Add a note hereKey points
§  Add a note hereSections 104 and 105 of the Employment Rights Act 1996 protect employees who are dismissed (or selected for redundancy) for complaining that their employer has infringed one or other of their statutory rights in employment. The dismissal of an employee in such circumstances will be treated as automatically unfair if the reason for it (or, if more than one, the principal reason) was that the employee:
a.     Add a note herehad brought proceedings against his (or her) employer to enforce a right of his that is a relevant statutory right; or
b.    Add a note herealleged that the employer had infringed a right of his (or hers) that is a relevant statutory right.
Add a note hereFurthermore, an employee dismissed in such circumstances may present a complaint of unfair dismissal to an employment tribunal regardless of his (or her) age or length of service at the material time (ibid. sections 108 and 109).
§  Add a note hereIt is as well to point out that such a dismissal will be treated as unfair even if the employee was not entitled to the disputed right, and regardless of whether the employer had actually infringed that right or not. If the employee made his claim 'in good faith', he (or she) should not have been dismissed for doing so. Indeed, the same protection applies even if the employee was uncertain or confused about the precise right he claims had been infringed – so long as he had made it reasonably clear to his employer what that right was.
Add a note hereMeaning of 'relevant statutory right'
Add a note hereThe following statutory rights are relevant for these purposes, namely:
a.  Add a note hereany rights conferred by the Employment Rights Act 1996, (discussed throughout this handbook) for which the remedy for their infringement is by way of a complaint or reference to an employment tribunal;
Note 
Add a note hereThose rights include the right to be paid the appropriate national minimum wage rate and the right of the employee (where appropriate) to be paid tax credits through the payroll (ibid. sections 104A and 104B, as inserted, respectively, by the National Minimum Wage Act 1998 and the Tax Credits Act 2002).
b.  Add a note herethe right of an employee to a minimum period of notice (as conferred by section 86 of the Employment Rights Act 1996);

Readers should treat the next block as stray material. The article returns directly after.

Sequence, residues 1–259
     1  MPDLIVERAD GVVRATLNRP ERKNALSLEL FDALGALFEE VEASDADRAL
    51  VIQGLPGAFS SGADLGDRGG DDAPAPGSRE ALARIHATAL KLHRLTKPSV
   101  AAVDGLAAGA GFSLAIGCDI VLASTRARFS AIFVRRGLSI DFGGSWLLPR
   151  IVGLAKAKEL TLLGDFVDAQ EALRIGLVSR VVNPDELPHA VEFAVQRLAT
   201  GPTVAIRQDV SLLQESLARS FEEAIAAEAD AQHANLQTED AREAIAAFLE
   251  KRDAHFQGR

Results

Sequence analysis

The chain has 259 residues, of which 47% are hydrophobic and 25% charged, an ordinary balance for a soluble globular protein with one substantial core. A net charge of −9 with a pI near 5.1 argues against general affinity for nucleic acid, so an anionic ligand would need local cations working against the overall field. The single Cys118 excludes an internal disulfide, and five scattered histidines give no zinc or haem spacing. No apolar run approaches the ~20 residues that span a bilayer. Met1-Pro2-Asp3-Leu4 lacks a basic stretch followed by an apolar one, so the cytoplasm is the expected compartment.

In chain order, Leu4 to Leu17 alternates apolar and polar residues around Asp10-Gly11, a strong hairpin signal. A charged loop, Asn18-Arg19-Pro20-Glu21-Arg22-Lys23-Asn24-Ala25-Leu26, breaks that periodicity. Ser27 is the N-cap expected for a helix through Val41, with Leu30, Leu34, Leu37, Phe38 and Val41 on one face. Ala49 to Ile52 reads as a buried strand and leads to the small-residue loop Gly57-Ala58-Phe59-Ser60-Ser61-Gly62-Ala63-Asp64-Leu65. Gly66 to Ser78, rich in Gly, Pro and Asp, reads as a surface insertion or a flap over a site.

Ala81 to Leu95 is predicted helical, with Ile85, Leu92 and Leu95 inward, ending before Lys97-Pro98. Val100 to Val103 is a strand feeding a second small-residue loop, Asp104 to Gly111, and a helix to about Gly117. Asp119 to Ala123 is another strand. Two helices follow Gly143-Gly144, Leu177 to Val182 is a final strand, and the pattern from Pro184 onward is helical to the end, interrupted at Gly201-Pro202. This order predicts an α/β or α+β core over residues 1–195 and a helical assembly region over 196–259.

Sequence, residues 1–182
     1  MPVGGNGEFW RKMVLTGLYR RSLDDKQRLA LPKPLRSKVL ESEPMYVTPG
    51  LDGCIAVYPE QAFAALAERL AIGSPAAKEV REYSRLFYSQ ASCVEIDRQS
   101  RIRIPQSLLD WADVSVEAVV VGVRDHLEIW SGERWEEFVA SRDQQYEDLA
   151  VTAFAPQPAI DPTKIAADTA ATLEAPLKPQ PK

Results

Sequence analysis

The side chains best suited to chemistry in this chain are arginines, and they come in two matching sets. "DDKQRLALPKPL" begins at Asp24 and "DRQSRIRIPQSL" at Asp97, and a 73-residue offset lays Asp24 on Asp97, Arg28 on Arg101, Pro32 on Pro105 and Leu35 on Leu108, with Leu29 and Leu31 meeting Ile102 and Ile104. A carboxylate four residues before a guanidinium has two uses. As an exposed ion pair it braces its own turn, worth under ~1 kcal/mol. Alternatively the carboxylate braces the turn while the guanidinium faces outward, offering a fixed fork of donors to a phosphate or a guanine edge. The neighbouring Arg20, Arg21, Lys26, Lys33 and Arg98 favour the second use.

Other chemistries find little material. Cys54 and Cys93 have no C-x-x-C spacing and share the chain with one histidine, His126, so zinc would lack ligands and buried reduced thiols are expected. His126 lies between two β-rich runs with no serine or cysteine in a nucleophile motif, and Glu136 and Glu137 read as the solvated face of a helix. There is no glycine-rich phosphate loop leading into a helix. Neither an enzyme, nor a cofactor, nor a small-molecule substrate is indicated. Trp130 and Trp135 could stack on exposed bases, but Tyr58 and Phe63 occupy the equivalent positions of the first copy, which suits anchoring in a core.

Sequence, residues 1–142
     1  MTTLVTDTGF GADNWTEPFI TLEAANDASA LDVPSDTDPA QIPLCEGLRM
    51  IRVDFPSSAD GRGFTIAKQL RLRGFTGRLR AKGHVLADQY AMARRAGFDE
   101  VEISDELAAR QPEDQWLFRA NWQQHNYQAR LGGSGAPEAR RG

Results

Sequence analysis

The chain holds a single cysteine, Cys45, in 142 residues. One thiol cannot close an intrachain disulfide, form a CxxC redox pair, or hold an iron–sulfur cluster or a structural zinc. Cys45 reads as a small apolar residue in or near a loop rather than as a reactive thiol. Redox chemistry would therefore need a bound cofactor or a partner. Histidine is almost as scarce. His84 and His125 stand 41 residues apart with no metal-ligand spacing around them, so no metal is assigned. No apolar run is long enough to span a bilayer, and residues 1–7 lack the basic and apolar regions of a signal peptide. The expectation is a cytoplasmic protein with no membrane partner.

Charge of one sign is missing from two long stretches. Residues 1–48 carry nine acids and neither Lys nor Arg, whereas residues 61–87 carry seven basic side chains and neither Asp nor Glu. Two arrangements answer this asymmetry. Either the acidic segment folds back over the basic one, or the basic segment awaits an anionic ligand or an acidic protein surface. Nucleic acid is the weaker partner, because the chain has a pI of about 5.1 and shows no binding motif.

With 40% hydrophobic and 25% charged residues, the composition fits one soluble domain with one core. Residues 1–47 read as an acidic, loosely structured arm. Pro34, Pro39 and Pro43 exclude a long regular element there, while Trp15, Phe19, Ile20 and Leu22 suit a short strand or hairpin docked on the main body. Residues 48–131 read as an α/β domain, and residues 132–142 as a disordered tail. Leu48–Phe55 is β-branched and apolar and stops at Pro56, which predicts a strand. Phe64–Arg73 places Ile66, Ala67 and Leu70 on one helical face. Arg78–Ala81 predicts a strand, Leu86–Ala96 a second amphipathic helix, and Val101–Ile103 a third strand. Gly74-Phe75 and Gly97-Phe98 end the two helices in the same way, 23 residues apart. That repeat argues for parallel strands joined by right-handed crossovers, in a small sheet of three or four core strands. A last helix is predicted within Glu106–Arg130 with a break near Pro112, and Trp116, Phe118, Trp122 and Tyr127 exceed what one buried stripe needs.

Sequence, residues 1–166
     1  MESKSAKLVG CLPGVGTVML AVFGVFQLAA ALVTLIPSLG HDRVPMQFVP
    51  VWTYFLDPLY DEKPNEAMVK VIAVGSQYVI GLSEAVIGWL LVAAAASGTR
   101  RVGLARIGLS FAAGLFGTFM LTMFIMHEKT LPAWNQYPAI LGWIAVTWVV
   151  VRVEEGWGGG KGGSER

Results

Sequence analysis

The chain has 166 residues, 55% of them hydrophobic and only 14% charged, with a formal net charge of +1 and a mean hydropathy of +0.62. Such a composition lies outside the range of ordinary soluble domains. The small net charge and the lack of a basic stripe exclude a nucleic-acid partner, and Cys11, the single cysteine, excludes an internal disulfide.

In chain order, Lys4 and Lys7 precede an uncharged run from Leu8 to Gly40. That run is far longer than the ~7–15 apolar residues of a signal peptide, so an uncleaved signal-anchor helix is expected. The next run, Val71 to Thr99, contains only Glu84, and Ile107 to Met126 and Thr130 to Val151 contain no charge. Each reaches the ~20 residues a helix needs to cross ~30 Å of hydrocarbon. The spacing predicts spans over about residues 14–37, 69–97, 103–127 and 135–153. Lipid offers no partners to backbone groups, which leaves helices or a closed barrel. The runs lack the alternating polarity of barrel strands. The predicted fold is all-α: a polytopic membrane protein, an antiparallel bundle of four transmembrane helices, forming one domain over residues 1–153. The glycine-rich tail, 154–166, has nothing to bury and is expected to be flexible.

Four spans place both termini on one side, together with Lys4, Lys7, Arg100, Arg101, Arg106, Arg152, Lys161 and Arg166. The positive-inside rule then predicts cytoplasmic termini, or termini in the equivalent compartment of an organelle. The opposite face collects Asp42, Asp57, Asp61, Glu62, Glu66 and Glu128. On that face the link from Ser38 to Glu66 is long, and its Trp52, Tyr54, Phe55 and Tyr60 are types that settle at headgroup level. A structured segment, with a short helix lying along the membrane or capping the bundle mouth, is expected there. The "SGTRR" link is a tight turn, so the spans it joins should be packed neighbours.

c.  Add a note hererights conferred by the Working Time Regulations 1998 (the limit in working hours, and the right to daily and weekly rest breaks and rest periods, in-work rest breaks, and paid annual holidays);
d.  Add a note hererights conferred by the Part-time Workers (Prevention of Less Favourable Treatment) Regulations 2000;
e.  Add a note hererights conferred by the Fixed-term Employees (Prevention of Less Favourable Treatment) Regulations 2002;
f.   Add a note herethe following rights (conferred by the Trade Union & Labour Relations (Consolidation) Act 1992), namely:
§  Add a note herethe right of an employee to stop the deduction of union dues from his or her pay (ibid. section 68);
§  Add a note herethe right of an exempt employee to demand that no amount representing a contribution to a trade union political fund be deducted from his or her pay (ibid. section 86);
§  Add a note herethe right of an employee not to have action short of dismissal taken against him (or her) as an individual on grounds related to his trade union membership or activities or because of his refusal to be or remain a member of a particular trade union or of any trade union (ibid. section 146);
§  Add a note herethe right of an official of a recognised independent trade union to be permitted paid time off work to carry out his or her duties as such an official (ibid. sections 168 and 169);
§  Add a note herethe right of an employee who is a member of a recognised independent trade union to be permitted a reasonable amount of time off work in order to take part in appropriate activities of that trade union (ibid. section 170).
Add a note hereTime limit for proceedings
§  Add a note hereAs was indicated earlier in this section, an employee who has been dismissed (or selected for redundancy) for asserting a statutory right may present a complaint of unfair dismissal regardless of his (or her) age or length of service at the material time. The complaint must be presented to an employment tribunal within three months of the effective date of termination of the employee's contract of employment. A tribunal will not hear a complaint presented out of time unless satisfied that it was not reasonably practicable for the complainant to have done so within the three-month limit (ibid. section 111(2)). If the employee's complaint is upheld, the employer will be ordered either to reinstate or re-engage the employee and/or to pay compensation.

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